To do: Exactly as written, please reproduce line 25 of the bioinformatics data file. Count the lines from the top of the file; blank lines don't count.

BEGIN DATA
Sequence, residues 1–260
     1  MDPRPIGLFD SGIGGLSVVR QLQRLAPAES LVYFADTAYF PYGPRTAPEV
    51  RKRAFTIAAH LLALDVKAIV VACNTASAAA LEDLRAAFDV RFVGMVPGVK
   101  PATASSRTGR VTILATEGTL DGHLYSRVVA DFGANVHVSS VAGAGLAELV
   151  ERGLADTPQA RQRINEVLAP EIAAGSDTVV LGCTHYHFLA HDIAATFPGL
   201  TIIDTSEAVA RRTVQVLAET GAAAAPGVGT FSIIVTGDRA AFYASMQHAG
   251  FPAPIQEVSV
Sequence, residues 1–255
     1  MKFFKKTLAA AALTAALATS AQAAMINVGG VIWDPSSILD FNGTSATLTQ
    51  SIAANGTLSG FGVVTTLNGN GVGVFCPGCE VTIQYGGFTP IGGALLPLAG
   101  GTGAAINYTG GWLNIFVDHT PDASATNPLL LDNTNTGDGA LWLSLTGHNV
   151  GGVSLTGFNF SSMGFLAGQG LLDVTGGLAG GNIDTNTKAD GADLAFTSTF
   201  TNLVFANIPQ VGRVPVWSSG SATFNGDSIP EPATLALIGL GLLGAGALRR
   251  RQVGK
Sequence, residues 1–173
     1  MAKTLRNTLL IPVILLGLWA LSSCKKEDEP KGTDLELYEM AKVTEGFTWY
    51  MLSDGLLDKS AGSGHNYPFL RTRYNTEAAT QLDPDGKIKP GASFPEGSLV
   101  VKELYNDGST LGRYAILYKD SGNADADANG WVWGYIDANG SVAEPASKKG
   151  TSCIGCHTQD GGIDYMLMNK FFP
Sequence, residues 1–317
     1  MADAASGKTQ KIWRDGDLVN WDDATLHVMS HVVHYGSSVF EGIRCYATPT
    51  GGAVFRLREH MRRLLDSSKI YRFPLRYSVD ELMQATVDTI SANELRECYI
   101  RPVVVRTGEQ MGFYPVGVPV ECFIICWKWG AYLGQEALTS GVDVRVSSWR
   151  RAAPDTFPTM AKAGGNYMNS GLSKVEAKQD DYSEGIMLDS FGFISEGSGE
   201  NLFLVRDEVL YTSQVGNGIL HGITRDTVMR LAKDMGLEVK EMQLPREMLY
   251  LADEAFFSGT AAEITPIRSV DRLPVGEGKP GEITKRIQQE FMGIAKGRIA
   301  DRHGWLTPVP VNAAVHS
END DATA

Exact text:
   201  NLFLVRDEVL YTSQVGNGIL HGITRDTVMR LAKDMGLEVK EMQLPREMLY